Weekly earnings climbed to a 10-month high in December, with workers in Alberta seeing more than twice the gains as those in Ontario.
Average weekly earnings rose 2.9 per cent from a year ago to $933 in December, marking four straight months of increases, according to Statistics Canada’s survey of employment, payrolls and hours. Energy-rich Alberta led gains, where earnings were 4.6 per cent higher from a year earlier, while workers in Ontario saw the smallest growth at 2 per cent.
The earnings increase stemmed from wage growth, a shifting composition in the labour market and a bump in hours worked, the agency said. Payroll employees worked an average of 33.1 hours a week in December compared with 33 hours a year earlier and 32.9 hours in November.
There was also variation among sectors. The largest earnings increase was in wholesale trade, where earnings jumped 7.4 per cent. Construction followed, where earnings climbed 6.3 per cent while those in professional, scientific and technical services advanced 4.8 per cent.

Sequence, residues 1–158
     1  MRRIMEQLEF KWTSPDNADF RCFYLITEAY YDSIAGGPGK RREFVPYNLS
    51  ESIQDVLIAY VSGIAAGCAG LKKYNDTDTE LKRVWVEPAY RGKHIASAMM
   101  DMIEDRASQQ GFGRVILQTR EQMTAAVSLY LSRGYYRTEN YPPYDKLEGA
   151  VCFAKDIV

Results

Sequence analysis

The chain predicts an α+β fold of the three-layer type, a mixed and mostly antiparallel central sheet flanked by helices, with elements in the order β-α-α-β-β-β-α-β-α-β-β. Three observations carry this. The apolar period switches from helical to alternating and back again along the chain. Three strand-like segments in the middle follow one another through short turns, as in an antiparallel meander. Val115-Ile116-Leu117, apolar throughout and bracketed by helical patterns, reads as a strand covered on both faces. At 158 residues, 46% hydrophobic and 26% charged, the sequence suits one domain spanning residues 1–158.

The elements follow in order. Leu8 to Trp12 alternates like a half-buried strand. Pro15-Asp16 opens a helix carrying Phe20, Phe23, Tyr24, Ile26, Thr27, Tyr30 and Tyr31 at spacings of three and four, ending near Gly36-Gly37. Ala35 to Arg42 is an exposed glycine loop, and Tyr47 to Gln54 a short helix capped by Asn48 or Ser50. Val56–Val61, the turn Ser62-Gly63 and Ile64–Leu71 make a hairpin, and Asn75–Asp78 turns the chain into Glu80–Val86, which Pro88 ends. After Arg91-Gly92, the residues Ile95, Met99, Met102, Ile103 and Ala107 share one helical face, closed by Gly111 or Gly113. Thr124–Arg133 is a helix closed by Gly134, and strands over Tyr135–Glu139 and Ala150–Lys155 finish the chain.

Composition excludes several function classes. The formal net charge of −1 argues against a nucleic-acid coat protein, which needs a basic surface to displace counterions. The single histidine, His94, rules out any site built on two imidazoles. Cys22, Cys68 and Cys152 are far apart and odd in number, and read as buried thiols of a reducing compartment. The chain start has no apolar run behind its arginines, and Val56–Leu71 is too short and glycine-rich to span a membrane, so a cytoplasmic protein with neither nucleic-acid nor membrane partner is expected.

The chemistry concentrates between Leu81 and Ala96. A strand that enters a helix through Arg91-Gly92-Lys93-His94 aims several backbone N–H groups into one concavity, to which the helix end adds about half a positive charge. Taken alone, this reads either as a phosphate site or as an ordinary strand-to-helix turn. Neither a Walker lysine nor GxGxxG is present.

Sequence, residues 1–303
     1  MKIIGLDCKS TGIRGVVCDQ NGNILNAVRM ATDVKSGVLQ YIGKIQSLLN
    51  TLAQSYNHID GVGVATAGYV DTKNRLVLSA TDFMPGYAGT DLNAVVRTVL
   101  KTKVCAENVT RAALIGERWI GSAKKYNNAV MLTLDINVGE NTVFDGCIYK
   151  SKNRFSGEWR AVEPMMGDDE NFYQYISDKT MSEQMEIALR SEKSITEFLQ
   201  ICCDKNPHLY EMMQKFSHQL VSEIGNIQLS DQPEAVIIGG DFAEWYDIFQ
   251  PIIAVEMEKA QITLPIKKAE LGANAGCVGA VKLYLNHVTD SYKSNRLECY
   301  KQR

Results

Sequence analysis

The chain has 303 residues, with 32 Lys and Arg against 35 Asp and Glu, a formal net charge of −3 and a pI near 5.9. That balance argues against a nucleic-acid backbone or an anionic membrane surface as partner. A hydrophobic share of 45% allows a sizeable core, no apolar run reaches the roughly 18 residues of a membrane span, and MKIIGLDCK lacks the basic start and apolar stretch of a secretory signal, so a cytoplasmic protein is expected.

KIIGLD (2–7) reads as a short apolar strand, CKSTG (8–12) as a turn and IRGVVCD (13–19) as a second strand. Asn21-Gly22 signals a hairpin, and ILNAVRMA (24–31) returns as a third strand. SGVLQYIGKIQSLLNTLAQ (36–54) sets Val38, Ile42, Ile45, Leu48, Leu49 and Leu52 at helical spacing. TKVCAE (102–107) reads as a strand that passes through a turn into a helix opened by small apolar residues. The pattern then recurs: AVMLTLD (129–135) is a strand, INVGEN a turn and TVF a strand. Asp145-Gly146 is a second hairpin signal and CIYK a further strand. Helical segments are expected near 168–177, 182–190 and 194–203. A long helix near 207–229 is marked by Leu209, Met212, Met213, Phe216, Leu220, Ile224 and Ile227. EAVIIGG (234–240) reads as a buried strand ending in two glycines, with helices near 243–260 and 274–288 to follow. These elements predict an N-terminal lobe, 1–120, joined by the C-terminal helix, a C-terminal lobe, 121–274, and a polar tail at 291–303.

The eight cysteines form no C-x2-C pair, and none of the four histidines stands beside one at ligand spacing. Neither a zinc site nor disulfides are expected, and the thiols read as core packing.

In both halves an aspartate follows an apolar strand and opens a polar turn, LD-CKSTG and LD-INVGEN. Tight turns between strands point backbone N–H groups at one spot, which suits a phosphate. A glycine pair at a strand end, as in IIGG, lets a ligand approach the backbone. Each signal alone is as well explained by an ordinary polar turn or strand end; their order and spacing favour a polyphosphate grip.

Educational services, which have drifted lower since the middle of last year, saw an outright drop in year-over-year earnings, of 3.8 per cent in December. “Declines were most notable in elementary and secondary schools, and community colleges and CEGEPs,” Statscan said.
Employment levels fell for the second straight month. Total non-farm payroll employment fell by 16,400 in December, with declines in education along with information and cultural industries.
Statscan’s separate labour force survey showed a drop of 44,000 in the month.
Compared with year-earlier levels, Alberta tallied the largest employment gains in Canada while New Brunswick saw the largest percentage decline.
Diverging labour markets are altering population patterns, with booming economies in the Prairies luring more workers. Calgary recorded the strongest population growth between July, 2012 and July of last year, followed by Saskatoon, Edmonton and Regina, a separately released Statscan report showed this week.
By contrast, Saint John, New Brunswick was the only city in Canada to see its population shrink in that time. All four Atlantic provinces saw populations decreases.